Imagine you’re a doctor performing critical surgery on a patient who’s just been in a terrible car accident. There’s internal bleeding, which could potentially be fatal and will require intensive surgery. The patient also has a broken toe, which can be quickly treated. Which procedure do you tackle first?
Here, the answer is obvious: the toe can wait. But in real life, outside of the emergency room, humans have the irrational tendency to opt for urgent tasks over important ones, even when the latter offers an objectively bigger payoff. Experts call it the urgency effect, and it may be impacting your progress on meaningful work. For example, when you choose to reply to an email demanding an answer ASAP, rather than focusing on a long-term project that could move the needle for your career.
As CEO of Jotform for 17 years and counting, I’ve discovered the invaluable benefit of continually clarifying my priorities. It’s how I handle day-to-day business while also making time for meaningful work, aka “the big stuff,” like writing my first book. One strategy I use is combining the time-tested Eisenhower Matrix with the principles of automation.
Entering tasks into the Matrix
In light of our less-than-rational human tendencies, the Eisenhower Matrix can be incredibly useful. Named after the 34th President, who once said, “I have two kinds of problems, the urgent and the important. The urgent are not important, and the important are never urgent,” the Eisenhower Matrix, developed by author Stephen Covey, categorizes tasks into one of four quadrants:
1. Urgent and important
2. Important, but not urgent
3. Urgent, but not important
4. Neither urgent, nor important
While Quadrants 1 and 2 are your priorities, Quadrants 3 and 4 are tasks for delegating, automating, or eliminating. Today, digital tools can complement the matrix. In fact, by applying the principles of automation, you can virtually eliminate two of the quadrants.
Identifying important work
One habit I stick to religiously, and I recommend to everyone on my team, is to regularly identify your priorities. Silence your notifications, grab a pen (or ask Siri, Alexa, or a digital assistant to take notes for you) and consider the following questions:
What do you enjoy doing the most?
What would you like to save your brain to do more of?
What delivers the most impact?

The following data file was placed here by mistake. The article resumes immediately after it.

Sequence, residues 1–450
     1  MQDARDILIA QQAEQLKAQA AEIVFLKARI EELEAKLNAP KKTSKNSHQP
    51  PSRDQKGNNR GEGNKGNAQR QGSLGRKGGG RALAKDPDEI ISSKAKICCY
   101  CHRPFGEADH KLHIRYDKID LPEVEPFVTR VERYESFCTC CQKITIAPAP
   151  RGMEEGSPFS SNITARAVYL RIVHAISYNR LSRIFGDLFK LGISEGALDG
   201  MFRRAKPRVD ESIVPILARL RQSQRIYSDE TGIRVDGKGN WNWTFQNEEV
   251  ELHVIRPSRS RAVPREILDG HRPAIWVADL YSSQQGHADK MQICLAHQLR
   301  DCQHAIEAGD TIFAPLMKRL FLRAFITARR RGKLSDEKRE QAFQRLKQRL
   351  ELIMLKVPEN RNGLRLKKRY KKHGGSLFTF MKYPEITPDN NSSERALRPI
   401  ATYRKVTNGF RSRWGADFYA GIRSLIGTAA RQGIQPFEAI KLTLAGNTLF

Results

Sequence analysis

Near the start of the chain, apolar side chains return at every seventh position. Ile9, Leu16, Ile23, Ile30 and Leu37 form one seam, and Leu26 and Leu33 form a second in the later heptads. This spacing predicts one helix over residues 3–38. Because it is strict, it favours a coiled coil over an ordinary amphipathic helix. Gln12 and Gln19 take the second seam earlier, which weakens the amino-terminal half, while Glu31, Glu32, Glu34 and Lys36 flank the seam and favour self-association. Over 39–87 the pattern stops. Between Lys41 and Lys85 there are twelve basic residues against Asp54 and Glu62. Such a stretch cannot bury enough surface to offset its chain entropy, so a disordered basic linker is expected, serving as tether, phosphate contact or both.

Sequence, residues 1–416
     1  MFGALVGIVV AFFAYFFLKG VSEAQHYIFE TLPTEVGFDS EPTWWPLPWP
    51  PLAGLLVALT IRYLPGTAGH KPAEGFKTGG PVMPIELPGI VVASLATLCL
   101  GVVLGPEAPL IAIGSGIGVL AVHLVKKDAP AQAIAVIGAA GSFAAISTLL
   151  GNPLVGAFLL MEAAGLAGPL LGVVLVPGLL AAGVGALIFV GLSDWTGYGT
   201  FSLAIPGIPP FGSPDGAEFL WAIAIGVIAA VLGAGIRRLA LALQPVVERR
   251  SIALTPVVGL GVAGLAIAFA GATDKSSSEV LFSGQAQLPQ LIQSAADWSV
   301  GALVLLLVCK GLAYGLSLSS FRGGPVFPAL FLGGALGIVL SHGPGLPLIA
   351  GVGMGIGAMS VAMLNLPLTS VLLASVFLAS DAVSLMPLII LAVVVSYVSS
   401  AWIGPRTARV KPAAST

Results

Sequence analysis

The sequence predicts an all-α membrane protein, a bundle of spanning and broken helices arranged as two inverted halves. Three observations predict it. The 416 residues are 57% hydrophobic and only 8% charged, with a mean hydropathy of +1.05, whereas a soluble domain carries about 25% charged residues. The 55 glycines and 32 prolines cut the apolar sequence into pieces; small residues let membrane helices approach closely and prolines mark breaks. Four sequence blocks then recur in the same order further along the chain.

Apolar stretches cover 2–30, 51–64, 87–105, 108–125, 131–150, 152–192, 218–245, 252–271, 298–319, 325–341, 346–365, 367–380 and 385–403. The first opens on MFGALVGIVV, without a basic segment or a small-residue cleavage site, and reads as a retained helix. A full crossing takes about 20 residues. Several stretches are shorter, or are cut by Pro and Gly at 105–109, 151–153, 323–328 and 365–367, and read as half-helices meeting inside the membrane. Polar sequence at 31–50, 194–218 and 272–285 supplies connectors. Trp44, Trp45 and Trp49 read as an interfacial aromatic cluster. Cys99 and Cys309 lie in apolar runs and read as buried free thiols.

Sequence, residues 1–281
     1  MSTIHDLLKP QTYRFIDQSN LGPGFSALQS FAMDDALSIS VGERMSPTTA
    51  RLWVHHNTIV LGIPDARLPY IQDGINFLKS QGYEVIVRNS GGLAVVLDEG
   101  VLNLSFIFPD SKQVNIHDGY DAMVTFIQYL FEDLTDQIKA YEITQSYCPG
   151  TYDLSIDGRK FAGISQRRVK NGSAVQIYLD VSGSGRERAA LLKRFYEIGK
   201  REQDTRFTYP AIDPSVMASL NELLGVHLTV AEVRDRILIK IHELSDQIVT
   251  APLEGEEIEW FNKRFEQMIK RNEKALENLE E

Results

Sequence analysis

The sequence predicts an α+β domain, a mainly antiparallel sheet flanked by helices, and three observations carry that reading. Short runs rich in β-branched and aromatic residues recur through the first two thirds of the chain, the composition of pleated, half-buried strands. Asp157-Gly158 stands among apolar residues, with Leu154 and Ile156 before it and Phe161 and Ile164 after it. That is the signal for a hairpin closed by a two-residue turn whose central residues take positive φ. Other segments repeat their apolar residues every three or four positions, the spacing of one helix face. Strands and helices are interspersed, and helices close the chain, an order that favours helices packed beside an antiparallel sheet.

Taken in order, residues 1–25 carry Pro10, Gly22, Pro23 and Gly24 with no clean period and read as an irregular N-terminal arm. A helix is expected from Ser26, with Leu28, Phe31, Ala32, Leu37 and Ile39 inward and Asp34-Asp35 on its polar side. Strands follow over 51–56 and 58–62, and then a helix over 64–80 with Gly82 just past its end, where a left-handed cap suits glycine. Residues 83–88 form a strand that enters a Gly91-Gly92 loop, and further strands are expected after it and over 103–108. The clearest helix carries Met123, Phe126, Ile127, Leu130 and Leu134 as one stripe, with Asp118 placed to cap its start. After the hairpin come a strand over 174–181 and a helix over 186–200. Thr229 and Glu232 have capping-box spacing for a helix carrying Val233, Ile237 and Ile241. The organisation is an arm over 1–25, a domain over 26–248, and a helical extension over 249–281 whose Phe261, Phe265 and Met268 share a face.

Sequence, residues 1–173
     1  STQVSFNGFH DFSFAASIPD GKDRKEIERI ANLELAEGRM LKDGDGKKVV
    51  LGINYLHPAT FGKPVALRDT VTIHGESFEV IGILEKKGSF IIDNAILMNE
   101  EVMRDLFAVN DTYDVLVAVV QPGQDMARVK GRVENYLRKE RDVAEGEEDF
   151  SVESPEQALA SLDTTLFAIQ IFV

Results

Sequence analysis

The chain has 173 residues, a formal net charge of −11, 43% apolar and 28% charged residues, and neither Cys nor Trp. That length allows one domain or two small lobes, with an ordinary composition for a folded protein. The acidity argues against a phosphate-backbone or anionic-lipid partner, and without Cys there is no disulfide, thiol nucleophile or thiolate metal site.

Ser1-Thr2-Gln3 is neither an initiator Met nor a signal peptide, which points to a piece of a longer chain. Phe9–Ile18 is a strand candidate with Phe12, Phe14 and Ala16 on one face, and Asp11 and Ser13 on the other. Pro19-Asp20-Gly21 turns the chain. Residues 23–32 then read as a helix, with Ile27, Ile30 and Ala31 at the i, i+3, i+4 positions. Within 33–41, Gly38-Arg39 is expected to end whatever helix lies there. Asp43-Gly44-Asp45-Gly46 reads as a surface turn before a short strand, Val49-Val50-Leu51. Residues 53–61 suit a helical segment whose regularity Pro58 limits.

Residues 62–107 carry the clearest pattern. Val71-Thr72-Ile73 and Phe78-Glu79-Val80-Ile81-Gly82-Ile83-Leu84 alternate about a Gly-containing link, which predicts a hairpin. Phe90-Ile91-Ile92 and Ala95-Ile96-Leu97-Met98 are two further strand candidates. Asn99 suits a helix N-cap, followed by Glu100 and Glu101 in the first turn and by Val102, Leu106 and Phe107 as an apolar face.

At Jotform, for example, my central priorities are hiring great people, designing and communicating our vision and strategy, and equipping our users to work more productively. Anything that does not pertain to these three priorities falls into Quadrants 3 or 4 (more on that later).
Your important work will fall into Quadrants 1 and 2. The first quadrant is for tasks that you must do immediately (and can finish quickly). The remaining important tasks are for Quadrant 2. I highly recommend scheduling these activities in your calendar, to protect your time and attention, and ensure they’re not bumped by busywork. What’s more, important work is often the stuff that we put off. It’s the toughest to begin because it challenges our ability to focus, problem-solve, and create. Automation (in this case, using a calendar tool or app to carve out time) takes your willpower out of the equation. When the designated hour arrives, you’re not deliberating. You just begin.
Making space for meaningful work means being relentlessly selective about where you focus your time. If you identify and stick to your priorities, you’ll be more productive in ways that matter.
Pinpointing unimportant work
The last two quadrants are home to tasks that aren’t important — at least, not important for you to complete. Quadrant 3 tasks might entail crucial work — like invoicing or receiving updates on the status of a project — but maybe there’s a better, more efficient way to complete the task (and save your brain energy), or maybe there’s another person on your team who’s better suited to the task. Take customer service. As I was growing my company, attention to our users was central to our mission. But at a certain point, I knew that my role centered around other priorities, and I had to hire professionals to whom I could delegate our customer service. Today, we also have access to a range of automated tools, like ChatBot that can field FAQs and free up employees for more complex questions.
The last quadrant is for tasks that should be eliminated. Many of these tasks may go unnoticed but they’re secretly stealing your time and energy. To spot these nonessential tasks, I recommend mapping out your workflows — every step in a given task from start to finish. Examine your processes and where you unnecessarily expend time and energy. Are you double-checking work, rendering your editor redundant? Are you falling down a social media rabbit hole? Scheduling meetings when asnychronous communication on a platform like Slack would accomplish the same in less time? Try to eliminate these Quadrant 4 candidates to the extent possible.
As a business owner, I’m a realist. I understand that employing time management tools may seem like just another thing on your to-do list. But I’ve also seen for myself how investing a little bit upfront, and being more mindful of where we dedicate our time and attention, is one of the smartest investments I’ve made.